McClintock “alternated between the coal scoop, the switch key, and the brake club, not to mention the banjo that I tickled in gin mills and honky tonks to get a few bucks.” He met the Wobblie poet and songwriter Joe Hill at Portland, Oregon in the fall of 1910. The pair moved on to San Pedro in 1911, working as longshoremen. He joined the Industrial Workers of the World, or Wobblies, and performed at union meetings and strikes all over the country.
 HAYWIRE   Haywire Mac claimed to be the first man to sing Hill’s famous IWW song ‘Preacher and the Slave’ in public. The song was based on the hymn ‘In the Sweet By and By.’ One of Haywire Mac’s most popular songs was ‘Hallelujah! I’m a Bum’ based on another old hymn ‘Revive Us Again.’ It was a Wobbly tradition to set seditious songs to the tunes of old hymns. The Salvation Army competed with Wobblies on street corners and ironically set their own hymns to old music hall and vaudeville songs. (See for instance Footprints in the Snow; The Intercontinental Journey of a Song, by Julay L. Brooks, in The Old-Time Herald, Vol. 13, No.4, Dec 2012.)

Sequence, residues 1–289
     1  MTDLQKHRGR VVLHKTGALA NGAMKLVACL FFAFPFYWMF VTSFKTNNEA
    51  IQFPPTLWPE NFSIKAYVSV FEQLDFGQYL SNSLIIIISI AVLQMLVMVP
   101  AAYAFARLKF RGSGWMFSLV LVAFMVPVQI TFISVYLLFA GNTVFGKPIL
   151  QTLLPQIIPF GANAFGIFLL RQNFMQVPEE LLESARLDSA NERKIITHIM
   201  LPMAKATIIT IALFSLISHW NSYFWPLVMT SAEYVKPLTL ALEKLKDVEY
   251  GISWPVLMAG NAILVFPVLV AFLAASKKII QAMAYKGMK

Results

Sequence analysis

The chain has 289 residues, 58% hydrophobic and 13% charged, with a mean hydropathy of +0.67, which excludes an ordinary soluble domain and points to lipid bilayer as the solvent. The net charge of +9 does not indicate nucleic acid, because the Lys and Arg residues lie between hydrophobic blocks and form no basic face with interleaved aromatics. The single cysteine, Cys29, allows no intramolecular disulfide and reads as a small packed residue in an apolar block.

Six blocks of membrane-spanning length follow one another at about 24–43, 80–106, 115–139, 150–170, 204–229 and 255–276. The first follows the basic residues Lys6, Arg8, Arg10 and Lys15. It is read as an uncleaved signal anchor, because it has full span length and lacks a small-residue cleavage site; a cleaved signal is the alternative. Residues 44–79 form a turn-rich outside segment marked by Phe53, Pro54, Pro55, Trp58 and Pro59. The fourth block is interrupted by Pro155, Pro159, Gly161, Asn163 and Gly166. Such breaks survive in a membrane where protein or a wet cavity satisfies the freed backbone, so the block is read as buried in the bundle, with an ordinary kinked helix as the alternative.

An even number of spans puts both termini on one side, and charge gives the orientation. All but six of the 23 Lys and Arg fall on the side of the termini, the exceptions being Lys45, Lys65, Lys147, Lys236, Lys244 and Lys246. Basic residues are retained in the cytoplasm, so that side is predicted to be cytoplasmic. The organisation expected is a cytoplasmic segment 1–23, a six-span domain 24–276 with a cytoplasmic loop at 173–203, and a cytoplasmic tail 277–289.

“The Southern Pacific will always be linked in my mind with the switchmen’s “outlaw strike” of 1920. I was in that up to my ears. Sixty-four of us were named in a federal indictment charging “conspiring to interfere with interstate commerce,” but the case never came to trial, and Father Time himself voided the indictments.”  Service Letters, by Haywire Mac, 1955

He claimed to have played on a professional ball team and to have studied at the Chicago School of Fine Arts. By 1925 McClintock had his own radio show on KFRC in San Francisco with his “Haywire Orchestry” and played with “the once famous Blue Monday Jamboree.” He married and had one daughter. He was a harbor guard at Wilmington, California, until his retirement in 1952.